Lady Ferguson – A very great gap in the social circles of this district will be caused by the death of Lady Ferguson, which we regret to have to announce. For many years Lady Ferguson might have been truthfully described as Dunedin’s unofficial hostess. To her successive municipal authorities confidently turned for assistance in providing for the entertainment of visitors of distinction to Dunedin. They did not appeal in vain. She was ever ready to discharge any duty which she might be asked to accept in order that suitable provision might be made for the stay of important personages in Dunedin. Under their hospitable roof Sir Lindo Ferguson and she entertained a succession of Governors-General that extended over a considerable number of years. Her features and figure, which would have commanded attention in any gathering of beautiful women, her gracious personality, her unfailing tact, the extent of her knowledge, the breadth of her sympathies, and her lively sense of humour constituted an equipment that especially qualified her for the position of leadership that by common consent was occupied by her. In 1913 she was persuaded to offer herself as a candidate for one of the six Dunedin-West seats on the Otago Hospital Board, and she was returned at the head of the poll. She was re-elected with increased support in 1915 and again in 1917, but she retired from the board two years later. She was prominently associated with the St. John Ambulance Association and with the Red Cross, and was honoured with appointment to the rank of Lady of Grace in the Order of St. John of Jerusalem.

An active part was taken by her in the formation of the Otago Women’s Club in 1914, and she was elected to the first president of that institution. Under the stimulating influence of her able guidance the club from the first enjoyed the warm interest of the women of the community, and its membership increased rapidly to a degree that gave it by far the largest roll among the women’s clubs of the Dominion. If Lady Ferguson found cause for pride in the growth, the vigour, and the attractiveness of the club, with its many amenities and the opportunities provided through its various groups for relaxation and mutual improvement and entertainment, the members for their part were intensely proud of their president and deeply attached to her, and through the long years of its existence the thought of replacing her by someone else in their number does not seem to have ever entered their minds. So it is that the Otago Women’s Club has had one president only during the 30 years of its existence – she its beloved head whose kindliness of nature and charm of manner had endeared her to all of them and whom they will deeply mourn today.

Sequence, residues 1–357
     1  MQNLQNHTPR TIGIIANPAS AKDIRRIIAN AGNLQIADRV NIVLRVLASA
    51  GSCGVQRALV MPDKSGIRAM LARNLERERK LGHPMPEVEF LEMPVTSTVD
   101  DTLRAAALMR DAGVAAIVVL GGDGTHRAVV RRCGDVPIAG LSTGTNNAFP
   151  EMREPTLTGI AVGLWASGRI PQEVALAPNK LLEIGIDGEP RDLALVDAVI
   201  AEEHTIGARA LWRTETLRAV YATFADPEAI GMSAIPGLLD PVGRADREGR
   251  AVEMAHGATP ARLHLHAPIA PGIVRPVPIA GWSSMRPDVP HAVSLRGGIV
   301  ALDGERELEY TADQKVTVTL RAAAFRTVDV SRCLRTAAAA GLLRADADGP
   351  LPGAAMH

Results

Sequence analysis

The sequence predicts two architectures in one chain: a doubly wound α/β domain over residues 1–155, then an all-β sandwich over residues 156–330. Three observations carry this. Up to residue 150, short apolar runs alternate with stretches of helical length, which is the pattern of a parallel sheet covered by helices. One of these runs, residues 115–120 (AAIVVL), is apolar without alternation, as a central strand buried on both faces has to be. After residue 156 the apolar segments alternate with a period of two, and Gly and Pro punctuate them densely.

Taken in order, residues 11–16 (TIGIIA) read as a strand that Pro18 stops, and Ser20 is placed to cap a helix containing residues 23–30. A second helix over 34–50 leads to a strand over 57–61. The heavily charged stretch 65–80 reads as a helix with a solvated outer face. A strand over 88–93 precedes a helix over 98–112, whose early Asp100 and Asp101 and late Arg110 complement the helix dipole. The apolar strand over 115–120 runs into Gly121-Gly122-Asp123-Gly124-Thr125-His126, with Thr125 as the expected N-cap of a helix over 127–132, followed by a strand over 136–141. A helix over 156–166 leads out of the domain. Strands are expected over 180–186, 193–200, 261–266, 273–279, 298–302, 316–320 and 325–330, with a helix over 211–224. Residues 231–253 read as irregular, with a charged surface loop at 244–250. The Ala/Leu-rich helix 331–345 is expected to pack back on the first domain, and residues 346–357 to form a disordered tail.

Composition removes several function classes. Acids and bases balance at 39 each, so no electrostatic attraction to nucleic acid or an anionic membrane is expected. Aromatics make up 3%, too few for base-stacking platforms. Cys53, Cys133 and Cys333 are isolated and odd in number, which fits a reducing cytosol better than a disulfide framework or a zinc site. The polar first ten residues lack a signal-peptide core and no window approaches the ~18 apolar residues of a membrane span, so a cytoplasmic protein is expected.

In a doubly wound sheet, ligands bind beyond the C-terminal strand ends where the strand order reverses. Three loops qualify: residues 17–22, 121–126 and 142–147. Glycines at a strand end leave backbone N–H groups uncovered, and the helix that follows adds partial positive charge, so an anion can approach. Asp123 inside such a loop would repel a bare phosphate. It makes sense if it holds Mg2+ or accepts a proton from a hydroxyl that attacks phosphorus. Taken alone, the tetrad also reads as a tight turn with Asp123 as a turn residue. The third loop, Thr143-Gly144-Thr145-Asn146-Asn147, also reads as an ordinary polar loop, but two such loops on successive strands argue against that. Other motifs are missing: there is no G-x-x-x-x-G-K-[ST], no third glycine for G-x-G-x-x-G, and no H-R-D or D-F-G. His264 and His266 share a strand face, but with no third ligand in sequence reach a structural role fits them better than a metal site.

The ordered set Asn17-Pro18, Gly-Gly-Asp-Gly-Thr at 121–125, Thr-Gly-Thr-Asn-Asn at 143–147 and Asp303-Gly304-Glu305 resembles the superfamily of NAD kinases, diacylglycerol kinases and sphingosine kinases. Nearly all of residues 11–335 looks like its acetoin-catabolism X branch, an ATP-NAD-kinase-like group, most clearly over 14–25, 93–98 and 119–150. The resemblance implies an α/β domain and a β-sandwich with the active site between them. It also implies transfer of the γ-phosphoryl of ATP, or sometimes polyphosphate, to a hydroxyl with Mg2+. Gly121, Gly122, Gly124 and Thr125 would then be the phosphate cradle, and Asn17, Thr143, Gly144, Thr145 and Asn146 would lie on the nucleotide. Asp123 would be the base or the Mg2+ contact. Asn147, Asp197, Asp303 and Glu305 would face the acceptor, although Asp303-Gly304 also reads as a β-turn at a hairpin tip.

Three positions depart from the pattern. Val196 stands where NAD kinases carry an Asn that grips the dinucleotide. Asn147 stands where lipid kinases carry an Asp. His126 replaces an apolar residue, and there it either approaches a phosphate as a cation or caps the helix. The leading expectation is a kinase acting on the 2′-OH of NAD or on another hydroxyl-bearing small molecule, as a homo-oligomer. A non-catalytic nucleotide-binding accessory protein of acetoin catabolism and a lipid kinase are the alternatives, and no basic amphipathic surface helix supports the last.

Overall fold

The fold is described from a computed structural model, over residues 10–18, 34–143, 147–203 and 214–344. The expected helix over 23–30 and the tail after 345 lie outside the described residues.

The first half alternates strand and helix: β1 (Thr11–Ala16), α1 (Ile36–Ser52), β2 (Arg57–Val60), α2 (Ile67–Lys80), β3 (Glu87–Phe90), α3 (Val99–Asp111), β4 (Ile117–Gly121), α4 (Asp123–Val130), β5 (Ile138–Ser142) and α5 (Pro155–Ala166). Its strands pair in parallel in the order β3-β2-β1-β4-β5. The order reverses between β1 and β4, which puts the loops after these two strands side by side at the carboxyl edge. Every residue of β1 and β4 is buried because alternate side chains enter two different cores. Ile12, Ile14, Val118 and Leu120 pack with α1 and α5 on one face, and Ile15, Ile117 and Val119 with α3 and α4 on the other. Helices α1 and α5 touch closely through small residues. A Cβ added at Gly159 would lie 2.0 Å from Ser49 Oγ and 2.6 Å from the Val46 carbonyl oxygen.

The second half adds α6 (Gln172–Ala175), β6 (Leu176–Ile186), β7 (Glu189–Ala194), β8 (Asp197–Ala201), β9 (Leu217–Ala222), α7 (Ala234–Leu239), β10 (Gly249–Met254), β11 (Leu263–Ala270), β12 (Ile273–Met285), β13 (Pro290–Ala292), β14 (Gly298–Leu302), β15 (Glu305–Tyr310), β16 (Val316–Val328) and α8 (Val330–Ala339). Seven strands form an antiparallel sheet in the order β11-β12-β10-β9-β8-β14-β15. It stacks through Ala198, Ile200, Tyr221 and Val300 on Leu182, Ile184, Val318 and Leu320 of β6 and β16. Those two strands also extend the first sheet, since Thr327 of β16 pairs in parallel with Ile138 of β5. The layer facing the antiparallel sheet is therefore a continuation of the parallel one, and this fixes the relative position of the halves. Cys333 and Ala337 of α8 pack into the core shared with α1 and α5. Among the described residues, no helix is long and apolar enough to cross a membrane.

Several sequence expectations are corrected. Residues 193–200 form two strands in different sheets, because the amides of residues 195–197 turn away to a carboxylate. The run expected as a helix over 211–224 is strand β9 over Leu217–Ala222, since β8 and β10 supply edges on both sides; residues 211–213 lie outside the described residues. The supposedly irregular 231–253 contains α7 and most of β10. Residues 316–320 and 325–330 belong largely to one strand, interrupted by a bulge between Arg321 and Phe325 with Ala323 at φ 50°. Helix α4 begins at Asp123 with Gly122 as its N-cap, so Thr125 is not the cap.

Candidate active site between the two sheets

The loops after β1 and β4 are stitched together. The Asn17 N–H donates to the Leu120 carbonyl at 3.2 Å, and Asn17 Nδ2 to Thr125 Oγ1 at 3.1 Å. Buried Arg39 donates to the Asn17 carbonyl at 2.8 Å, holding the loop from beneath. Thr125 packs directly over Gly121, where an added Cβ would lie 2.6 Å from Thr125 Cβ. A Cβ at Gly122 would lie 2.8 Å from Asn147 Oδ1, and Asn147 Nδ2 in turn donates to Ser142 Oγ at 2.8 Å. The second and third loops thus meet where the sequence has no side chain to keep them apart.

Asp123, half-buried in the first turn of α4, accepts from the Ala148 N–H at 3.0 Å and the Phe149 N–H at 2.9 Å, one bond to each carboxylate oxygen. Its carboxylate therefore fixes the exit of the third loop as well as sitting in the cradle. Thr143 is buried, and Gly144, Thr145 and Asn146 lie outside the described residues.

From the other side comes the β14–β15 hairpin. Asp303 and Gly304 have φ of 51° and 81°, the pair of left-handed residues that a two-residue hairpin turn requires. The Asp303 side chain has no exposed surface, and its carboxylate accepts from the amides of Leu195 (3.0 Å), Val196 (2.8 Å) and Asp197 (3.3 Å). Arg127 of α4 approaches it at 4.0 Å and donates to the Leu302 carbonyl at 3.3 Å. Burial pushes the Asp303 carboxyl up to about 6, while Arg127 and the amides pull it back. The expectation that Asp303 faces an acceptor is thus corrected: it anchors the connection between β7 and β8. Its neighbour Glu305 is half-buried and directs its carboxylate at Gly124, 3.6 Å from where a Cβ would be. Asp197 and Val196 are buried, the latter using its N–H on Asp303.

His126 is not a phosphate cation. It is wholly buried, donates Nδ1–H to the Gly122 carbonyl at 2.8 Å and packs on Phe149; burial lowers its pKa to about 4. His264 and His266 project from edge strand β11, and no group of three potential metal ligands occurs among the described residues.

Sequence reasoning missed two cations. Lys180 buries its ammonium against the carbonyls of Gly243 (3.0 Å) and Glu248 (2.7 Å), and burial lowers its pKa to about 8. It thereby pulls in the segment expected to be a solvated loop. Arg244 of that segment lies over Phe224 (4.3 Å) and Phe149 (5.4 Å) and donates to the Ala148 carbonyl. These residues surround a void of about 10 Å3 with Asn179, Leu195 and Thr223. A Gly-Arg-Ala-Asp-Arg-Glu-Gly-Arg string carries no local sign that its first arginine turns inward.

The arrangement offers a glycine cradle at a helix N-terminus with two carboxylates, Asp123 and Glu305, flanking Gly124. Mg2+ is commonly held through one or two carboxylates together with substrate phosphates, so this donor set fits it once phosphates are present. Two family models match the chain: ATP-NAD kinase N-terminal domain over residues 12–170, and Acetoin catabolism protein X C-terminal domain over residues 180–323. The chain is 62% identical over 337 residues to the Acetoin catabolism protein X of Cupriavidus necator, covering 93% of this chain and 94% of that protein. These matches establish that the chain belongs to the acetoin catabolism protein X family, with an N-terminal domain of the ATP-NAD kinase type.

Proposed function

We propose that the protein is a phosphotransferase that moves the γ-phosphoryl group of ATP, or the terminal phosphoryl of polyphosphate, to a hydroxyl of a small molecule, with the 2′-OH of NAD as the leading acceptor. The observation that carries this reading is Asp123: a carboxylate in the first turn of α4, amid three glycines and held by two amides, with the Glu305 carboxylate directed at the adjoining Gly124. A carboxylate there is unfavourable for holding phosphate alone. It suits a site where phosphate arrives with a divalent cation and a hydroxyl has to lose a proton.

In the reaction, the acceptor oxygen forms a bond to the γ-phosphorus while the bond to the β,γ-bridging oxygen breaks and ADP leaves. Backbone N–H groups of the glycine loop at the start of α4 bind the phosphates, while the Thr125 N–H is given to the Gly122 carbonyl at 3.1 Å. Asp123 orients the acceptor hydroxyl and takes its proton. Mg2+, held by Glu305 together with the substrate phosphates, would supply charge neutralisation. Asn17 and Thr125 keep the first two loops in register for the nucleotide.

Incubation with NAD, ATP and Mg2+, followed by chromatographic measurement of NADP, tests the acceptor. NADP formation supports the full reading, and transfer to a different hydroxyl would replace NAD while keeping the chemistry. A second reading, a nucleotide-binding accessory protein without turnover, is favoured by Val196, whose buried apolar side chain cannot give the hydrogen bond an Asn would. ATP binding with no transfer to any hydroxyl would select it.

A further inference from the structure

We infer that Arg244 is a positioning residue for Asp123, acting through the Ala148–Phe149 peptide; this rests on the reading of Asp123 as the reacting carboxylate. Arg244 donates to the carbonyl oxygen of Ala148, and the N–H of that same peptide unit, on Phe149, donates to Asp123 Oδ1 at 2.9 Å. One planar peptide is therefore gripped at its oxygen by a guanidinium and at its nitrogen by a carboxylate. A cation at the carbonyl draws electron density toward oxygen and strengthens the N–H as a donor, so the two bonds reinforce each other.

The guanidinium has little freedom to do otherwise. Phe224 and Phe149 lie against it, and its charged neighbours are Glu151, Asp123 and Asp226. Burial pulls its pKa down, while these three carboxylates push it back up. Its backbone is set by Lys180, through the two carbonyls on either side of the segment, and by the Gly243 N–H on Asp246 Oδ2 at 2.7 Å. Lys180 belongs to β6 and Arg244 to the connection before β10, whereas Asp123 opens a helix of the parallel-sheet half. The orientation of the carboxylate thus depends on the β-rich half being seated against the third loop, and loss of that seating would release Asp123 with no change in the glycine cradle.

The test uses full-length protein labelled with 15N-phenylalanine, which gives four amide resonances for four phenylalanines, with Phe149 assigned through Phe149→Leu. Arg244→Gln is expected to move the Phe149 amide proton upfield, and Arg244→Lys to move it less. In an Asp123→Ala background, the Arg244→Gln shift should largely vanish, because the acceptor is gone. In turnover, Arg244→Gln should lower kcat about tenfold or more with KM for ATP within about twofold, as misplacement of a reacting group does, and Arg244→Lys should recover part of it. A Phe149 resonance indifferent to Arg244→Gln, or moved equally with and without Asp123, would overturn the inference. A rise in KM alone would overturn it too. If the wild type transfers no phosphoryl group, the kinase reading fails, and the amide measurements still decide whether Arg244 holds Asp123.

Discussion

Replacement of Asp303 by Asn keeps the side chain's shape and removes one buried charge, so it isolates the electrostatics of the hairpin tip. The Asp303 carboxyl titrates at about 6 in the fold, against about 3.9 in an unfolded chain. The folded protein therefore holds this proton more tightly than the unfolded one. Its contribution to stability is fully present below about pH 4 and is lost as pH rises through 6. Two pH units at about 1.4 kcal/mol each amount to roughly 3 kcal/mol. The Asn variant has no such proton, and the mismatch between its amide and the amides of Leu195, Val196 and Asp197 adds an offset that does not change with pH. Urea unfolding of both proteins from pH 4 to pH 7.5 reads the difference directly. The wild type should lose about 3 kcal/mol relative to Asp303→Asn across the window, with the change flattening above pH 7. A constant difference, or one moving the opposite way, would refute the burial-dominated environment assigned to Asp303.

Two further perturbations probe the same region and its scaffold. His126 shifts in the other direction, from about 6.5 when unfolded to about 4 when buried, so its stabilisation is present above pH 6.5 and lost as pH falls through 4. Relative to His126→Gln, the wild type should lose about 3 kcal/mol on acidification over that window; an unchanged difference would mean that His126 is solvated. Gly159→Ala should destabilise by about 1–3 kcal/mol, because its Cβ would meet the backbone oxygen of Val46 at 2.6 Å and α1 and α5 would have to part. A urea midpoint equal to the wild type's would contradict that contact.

Lady Ferguson was the eldest daughter of Mr J. L. Butterworth, founder of the firm of Butterworth Bros., which was engaged in the wholesale soft-goods business for many years in Dunedin. She was married in St. Paul’s Pro-Cathedral in November, 1884, and consequently the sixtieth anniversary of her wedding was celebrated a few weeks ago. The excitement of the occurrence of an event so infrequent as this was followed by a decline in her health, already impaired by a prolonged and painful experience of a rheumatic condition, and from that time she gradually lost strength. Her husband, one son (Mr Gerald L. Ferguson), and a grandson and granddaughter survive her.

Otago Daily Times, 2 January 1945, p. 4

 

Selected sources

'Women in Public Life', Otago Daily Times, 1 March 1915, p. 4

'The Belgian Fund', Otago Daily Times, 23 March 1915, p. 8

'Gift Clothing for the Belgians', Otago Daily Times, 23 July 1915, p. 3

'Sports Queen', Otago Daily Times, 9 August 1915, p. 3

'Women's Christmas Temperance Union', Otago Daily Times, 6 October 1915, p. 9

'Women's National Reserve', Otago Daily Times, 11 March 1916, p. 11

NZ Women’s Weekly, 14 June 1934, pp. 4–5

Otago Daily Times, 21 November 1934

'Honour Conferred', Auckland Star, 25 November 1936, p. 14

Evening Star, 20 November 1944

Evening Star, 30 December 1944

Otago Daily Times, 2 January 1945, p. 4

Evening Star, 29 September 1945